Skookum, cultus, hyack, saltchuck, klahowya, tillicum: It is in
words like these that the last vestiges of a lost British Columbian
language remain. It was known as "Chinook". Its use today is mainly
confined to colloquialisms, and place names like Boston Bar, Canim
Lake, Illahee Mountain, Snass Creek, and Skookumchuck. It began as
a trading jargon, but it soon evolved into a distinct West Coast
tongue. Down through the years, as many as a quarter of a million
people relied on it. Chinook was an everyday necessity.
A Voice Great Within Us consists of an introductory
essay by Glavin exploring the development and spread of Chinook
throughout the West Coast, and the place it continues to have in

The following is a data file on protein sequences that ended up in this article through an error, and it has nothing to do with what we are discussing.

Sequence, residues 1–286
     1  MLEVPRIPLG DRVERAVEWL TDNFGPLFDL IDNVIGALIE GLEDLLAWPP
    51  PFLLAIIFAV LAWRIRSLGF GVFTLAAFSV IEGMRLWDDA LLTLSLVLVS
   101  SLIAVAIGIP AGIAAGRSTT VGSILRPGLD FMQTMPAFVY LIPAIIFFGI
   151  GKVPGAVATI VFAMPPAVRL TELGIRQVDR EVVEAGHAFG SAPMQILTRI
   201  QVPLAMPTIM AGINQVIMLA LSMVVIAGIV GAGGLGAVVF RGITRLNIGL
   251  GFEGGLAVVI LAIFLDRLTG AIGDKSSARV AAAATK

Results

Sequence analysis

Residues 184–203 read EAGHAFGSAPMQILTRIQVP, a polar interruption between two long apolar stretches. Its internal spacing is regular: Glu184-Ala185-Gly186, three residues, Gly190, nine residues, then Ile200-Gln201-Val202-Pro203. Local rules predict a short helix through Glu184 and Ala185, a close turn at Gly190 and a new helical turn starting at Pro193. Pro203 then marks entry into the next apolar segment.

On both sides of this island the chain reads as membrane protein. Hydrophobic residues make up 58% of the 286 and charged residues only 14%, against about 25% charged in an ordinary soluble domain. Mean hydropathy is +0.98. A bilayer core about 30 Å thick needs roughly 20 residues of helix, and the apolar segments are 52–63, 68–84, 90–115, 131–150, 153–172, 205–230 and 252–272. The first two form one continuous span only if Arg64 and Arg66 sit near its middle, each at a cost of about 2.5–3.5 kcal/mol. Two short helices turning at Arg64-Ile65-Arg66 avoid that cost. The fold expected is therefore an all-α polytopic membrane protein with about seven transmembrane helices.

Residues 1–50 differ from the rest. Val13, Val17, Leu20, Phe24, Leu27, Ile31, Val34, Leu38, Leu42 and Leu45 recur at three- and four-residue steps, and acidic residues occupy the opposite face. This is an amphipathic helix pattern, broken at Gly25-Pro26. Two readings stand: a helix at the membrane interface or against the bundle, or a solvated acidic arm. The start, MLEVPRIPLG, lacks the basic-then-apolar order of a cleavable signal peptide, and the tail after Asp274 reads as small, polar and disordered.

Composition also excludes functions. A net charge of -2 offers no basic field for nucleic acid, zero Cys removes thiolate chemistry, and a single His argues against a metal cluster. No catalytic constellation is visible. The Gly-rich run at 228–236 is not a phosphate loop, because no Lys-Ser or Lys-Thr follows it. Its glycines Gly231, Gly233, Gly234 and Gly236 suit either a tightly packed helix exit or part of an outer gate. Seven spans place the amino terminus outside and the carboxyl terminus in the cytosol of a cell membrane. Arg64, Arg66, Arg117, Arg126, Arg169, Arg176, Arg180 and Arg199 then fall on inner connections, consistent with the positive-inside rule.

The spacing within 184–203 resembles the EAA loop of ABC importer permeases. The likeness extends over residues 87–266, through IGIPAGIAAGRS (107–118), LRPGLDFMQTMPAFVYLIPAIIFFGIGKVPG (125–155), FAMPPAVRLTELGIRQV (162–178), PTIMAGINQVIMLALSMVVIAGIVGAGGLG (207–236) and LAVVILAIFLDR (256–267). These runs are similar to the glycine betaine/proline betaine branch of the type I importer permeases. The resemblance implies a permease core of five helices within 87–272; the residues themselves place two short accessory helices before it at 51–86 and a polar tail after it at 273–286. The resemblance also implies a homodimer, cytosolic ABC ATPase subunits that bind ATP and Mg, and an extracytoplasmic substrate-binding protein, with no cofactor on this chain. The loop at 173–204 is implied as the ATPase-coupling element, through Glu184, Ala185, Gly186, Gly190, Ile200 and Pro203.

our history; the Chinook poem, "Rain Language"; Lillards own essay
on the part that Chinook played in his own life and exploration of
British Columbia. In addition, A Voice Great Within Us
includes a lexicon containing hundreds of Chinook words and
expressions and a map and gazetteer of British Columbia, showing
eighty Chinook place names in this province.
A Voice Great Within Us is Number 7 in the
Transmontanus series of books edited by Terry Glavin.